Accessible Public Transportation for Persons with Disabilities (2010) disabled
people use public transport as their mode choice if they are easily get to the
bus stop, station and curbside. The disabled people must be easily aboard,
locate and secure themselves in the vehicle.

The provision and easiness in accessing public transport
information especially real-time information has been shown to encourage
individuals to choose public transport as their mode choice of travelling
(Schweiger, 2003). A study by (Multisystem, 2003) found that real-time public
transport traveler information can result in a mode-shift to public transport.
The requirements for accurate real-time information are increases especially
with a large number of passengers transferring between different modes.
Generally, real-time information can be defined as any information available
for public transport users such as the up-to-date status of vehicles, including
predictive arrival times and approximate locations. Based on a study conducted
in Hong Kong, it was found that passengers derived the greatest benefit from
real-time information delivered via a mobile device or internet website. It is
used as an individual-specific travel demand management tool that facilitates
individuals while planning their public transport trips.

 

 

Safety and security of public transport user is significantly
interrelated with one another. It is important to ensure that public transport
is safe and secure to operate and use as it closely relates with great numbers
of passengers and their lives. Generally, safety can be defined as exposure to
accidental injury normally involving at least one vehicle as the instrument
causing the injury. While, transport security is known as exposure to
intentional criminal or antisocial acts faced by transport user. According to
(Cozens et al., 2004) the public’s perception of
safety and security are important determinant of people’s mode choice. Public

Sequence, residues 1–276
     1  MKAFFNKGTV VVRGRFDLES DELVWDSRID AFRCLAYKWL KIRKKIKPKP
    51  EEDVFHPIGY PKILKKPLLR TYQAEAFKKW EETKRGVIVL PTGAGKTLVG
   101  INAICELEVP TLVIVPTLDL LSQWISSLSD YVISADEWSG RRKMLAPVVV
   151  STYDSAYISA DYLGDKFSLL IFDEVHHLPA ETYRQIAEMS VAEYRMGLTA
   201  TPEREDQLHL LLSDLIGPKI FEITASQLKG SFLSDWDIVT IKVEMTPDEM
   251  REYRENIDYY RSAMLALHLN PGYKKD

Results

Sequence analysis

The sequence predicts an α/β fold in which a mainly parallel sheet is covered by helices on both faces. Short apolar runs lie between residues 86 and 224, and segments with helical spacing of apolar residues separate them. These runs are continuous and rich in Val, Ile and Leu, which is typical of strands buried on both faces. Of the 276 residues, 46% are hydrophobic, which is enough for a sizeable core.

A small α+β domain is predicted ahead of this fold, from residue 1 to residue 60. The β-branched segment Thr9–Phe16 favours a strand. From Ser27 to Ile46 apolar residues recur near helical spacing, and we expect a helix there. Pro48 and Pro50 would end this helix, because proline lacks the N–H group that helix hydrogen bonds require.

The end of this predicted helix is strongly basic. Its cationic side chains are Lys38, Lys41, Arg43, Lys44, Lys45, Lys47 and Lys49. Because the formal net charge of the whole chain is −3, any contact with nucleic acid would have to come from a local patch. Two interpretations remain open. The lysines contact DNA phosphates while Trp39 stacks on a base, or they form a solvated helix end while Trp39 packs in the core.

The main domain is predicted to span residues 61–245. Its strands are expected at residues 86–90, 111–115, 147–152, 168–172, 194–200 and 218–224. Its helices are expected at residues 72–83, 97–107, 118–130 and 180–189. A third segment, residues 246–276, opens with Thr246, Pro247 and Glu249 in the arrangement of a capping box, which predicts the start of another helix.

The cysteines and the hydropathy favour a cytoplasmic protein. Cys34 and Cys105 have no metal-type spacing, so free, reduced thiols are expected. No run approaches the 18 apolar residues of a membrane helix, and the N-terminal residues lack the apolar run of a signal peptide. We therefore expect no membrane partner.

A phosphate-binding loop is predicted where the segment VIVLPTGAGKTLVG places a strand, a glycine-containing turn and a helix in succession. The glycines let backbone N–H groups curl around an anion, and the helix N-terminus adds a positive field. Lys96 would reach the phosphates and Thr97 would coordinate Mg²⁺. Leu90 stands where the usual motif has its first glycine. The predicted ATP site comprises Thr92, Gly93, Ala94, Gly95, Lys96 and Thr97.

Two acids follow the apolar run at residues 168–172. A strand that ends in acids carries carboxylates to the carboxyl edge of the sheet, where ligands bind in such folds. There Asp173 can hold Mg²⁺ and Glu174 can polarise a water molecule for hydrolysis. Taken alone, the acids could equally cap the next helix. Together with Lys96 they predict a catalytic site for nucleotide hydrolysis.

transport is a relatively safe mode as it tends to have lower injury, death,
crash, and crime rates as compared to private vehicle. Regardless of how safe
the public transport, a lot of people still view public transport as dangerous
and they also discourage others to use it.

In order to
promote public transport usage, it is important to pay more attention to the
safety of public transport although public
transport is usually safer to use as compared to private vehicle. According to
Savage (2013) public transport has relative low crash rates than private
vehicle. Crash from the perspectives of public transport refers to property injuries,
damages and deaths caused by vehicle crashes. Normally, public transport crash
involved with buses and taxi. A study by (Davidse et al., 2003) found that the
most common types of crash are crashes involving blind spots, buses causing
rear-end collisions while braking and crashes on bus lanes. Moreover, about 31%
of fatal public transport accidents involve an impaired driver and 30% involves
speeding (NHTSA 2012). However, there are still have other main risks beyond
individual drivers’ control, such as mechanical failures and faults by other
road users.

On the other hand, according to number of studies by Van
der Reis (1997), Page et al. (2001), National Transport Survey (2003) and Stone
(2006) found that crime and fear of crime has also impacted on the use of